Re­struc­tur­ing sec­tors will help cut over­ca­pac­ity and boost prices

China Daily (Hong Kong) - - BUSINESS - By MENG FANBIN meng­fan­bin@chi­nadaily.com.cn

Rad­i­cal re­form of the coal and steel in­dus­tries has cut over­ca­pac­ity and re­duced debt lev­els among State-owned en­ter­prises.

A re­search re­port from GF Se­cu­ri­ties Co Ltd showed that repack­ing debt into eq­uity and pro­mot­ing poli­cies to re­vamp the sup­ply chain are help­ing to trans­form the sec­tors.

“The deals will not only re­duce their lever­age ra­tio and fi­nan­cial pres­sure, but also fa­cil­i­tate their in­dus­trial trans­for­ma­tion and up­grad­ing,” the re­port stated,

The re­forms in the coal and steel sec­tors will also make th­ese SOEs leaner and more able to adapt to a high-tech world.

This in turn will cut over­sup­ply and sta­bi­lize prices within the in­dus­tries, and make th­ese sprawl­ing com­pa­nies more com­pet­i­tive.

“Out­put re­duc­tion will lead to a rise in prices and com­pany prof­its,” said Yao Yang, an an­a­lyst at Shen­wan Hongyuan Se­cu­ri­ties.

“This will lay a solid foun­da­tion for the im­ple­men­ta­tion of the debt-to-eq­uity swap deals.”

Over­ca­pac­ity in the coal and steel in­dus­tries has been dras­ti­cally re­duced in the first part of this year.

Statis­tics from the Na­tional De­vel­op­ment and Re­form Com­mis­sion showed that in the first five months of 2017, 42.39 mil­lion tons of steel ca­pac­ity had been cut, reach­ing 84.8 per­cent of the an­nual tar­get re­duc­tion. Fig­ures also re­vealed that 111 mil­lion tons of coal was left in the ground dur­ing the first six months.

This was 74 per­cent of the an­nual tar­get re­duc­tion for the fos­sil fuel in China.

“But there is no need to im­ple­ment large-scale coal re­duc­tion mea­sures later in 2017,” said an of­fi­cial from NDRC, im­ply­ing that coal prices are now at a rea­son­able level.

Ear­lier this year, com­pa­nies in the largest coal pro­duc­ing prov­ince of Shanxi in North China rolled out debt-to-eq­uity swaps.

The Lu’an Min­ing In­dus­try Group signed debt-to-eq­uity swap agree­ments with the lo­cal State-as­set reg­u­la­tor and China Con­struc­tion Bank Corp worth 20 bil­lion yuan ($3 bil­lion) in March.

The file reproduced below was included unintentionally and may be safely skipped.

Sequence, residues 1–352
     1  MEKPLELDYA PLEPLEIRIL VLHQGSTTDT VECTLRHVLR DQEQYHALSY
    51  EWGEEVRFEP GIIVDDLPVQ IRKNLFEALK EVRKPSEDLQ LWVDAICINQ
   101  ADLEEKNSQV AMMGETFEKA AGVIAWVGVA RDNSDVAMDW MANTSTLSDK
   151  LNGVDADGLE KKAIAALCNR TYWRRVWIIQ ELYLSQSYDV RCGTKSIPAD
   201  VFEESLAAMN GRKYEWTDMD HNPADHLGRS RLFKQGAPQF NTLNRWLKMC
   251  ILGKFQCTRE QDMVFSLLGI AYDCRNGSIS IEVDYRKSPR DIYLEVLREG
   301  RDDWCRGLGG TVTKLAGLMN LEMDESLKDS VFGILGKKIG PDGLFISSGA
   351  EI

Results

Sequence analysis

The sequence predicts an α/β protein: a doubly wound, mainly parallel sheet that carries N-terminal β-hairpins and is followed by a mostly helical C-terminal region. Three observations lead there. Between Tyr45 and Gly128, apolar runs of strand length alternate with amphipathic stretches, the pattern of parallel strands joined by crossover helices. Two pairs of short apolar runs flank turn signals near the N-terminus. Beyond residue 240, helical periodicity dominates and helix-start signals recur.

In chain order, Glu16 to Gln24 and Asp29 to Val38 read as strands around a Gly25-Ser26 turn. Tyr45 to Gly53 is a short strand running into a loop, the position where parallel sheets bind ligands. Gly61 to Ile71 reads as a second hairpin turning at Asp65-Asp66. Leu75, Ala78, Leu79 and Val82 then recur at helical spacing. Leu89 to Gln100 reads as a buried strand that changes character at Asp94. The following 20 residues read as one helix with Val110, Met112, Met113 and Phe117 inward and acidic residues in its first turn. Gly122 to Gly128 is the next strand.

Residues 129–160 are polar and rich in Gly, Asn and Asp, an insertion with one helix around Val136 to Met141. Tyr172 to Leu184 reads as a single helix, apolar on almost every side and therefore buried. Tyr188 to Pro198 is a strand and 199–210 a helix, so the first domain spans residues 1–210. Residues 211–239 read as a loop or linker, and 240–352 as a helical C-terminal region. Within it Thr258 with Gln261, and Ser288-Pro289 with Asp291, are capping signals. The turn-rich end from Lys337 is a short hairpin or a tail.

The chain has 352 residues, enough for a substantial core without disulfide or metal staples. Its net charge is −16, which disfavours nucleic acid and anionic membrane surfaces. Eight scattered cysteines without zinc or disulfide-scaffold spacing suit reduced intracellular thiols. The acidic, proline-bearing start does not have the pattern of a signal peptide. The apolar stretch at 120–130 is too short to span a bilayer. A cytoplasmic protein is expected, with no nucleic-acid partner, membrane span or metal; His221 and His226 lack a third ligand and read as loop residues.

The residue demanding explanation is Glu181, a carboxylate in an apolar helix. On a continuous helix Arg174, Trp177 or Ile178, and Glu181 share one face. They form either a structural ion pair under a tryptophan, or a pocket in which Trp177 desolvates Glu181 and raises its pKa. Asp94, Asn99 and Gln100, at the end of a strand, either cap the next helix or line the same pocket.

In May, Shanxi Cok­ing Coal Group Co Ltd signed the first mar­ket-ori­ented debt-to-eq­uity project, worth 2 bil­lion yuan, with the China Con­struc­tion Bank branch in the prov­ince.

“As cycli­cal in­dus­tries, high debt ra­tios bring huge pres­sure to en­ter­prises,” the GF Se­cu­ri­ties re­port stated. “So, it is ur­gent for them to re­duce the as­set-li­a­bil­ity ra­tio.”

In March, the China Iron and Steel As­so­ci­a­tion, or CISA, an­nounced it was also work­ing on bring­ing down its debt lev­els.

The plan will be to re­duce its as­set-li­a­bil­ity ra­tio to be­low 60 per­cent in the next three to five years, ac­cord­ing to Liu Zhen­jiang, gen­eral sec­re­tary of CISA.

“So far, 10 steel com­pa­nies, in­clud­ing China Baowu Steel Group Corp Ltd, have signed debt-to-eq­uity swaps with banks,” Liu said. “The China Bank­ing Reg­u­la­tory Com­mis­sion will bring to­gether re­lated fi­nan­cial in­sti­tu­tions and typ­i­cal steel en­ter­prises to im­ple­ment rel­e­vant is­sues in the near fu­ture.”

The steel in­dus­try should also ac­cel­er­ate its debt-shed­ding pol­icy in an ef­fort to fi­nally get to grips with the prob­lem, Luo Tiejun, a se­nior of­fi­cial from Min­istry of In­dus­try and In­for­ma­tion Tech­nol­ogy, pointed out.

“Last year, the av­er­age in­dus­try debt ra­tio was brought down by only one per­cent­age point,” Luo said.

In the first quar­ter of this year, the av­er­age as­set-li­a­bil­ity ra­tio for CISA mem­bers was al­most 70 per­cent, Gu Jian­guo, vice-pres­i­dent of the as­so­ci­a­tion, said at a news con­fer­ence in April.

In ad­di­tion, Yao of Shen­wan Hongyuan Se­cu­ri­ties, stressed that debt-to-eq­uity swaps can lower the fig­ures on pa­per, but they had lim­ited im­pact in re­duc­ing the real debt bur­den.

The Fifth Na­tional Fi­nan­cial Work Con­fer­ence made it clear that delever­ag­ing SOEs was one of the pri­or­i­ties to pre­vent fi­nan­cial risks in China.

At the end of the first quar­ter, the debt ra­tio of non-fi­nan­cial com­pa­nies jumped to 157.7 per­cent from 155.1 per­cent in the fi­nal three months of 2016, ac­cord­ing to the Na­tional In­sti­tu­tion for Fi­nance & De­vel­op­ment.

Since the global fi­nan­cial cri­sis in 2009, China’s cor­po­rate debt has con­tin­ued to ac­cu­mu­late. By the end of last Septem­ber, li­a­bil­i­ties in the non-fi­nan­cial sec­tor hit $28 tril­lion, which was about 250 per­cent of nom­i­nal GDP.

So far, 10 steel com­pa­nies have signed debt-toe­quity swaps with banks.” Liu Zhen­jiang, gen­eral sec­re­tary of CISA

LIU DEBIN / FOR CHINA DAILY

A worker cleans a steel lendle at the Dong­bei Spe­cial Steel Group in Dalian, Liaon­ing prov­ince.

Newspapers in English

Newspapers from China

© PressReader. All rights reserved.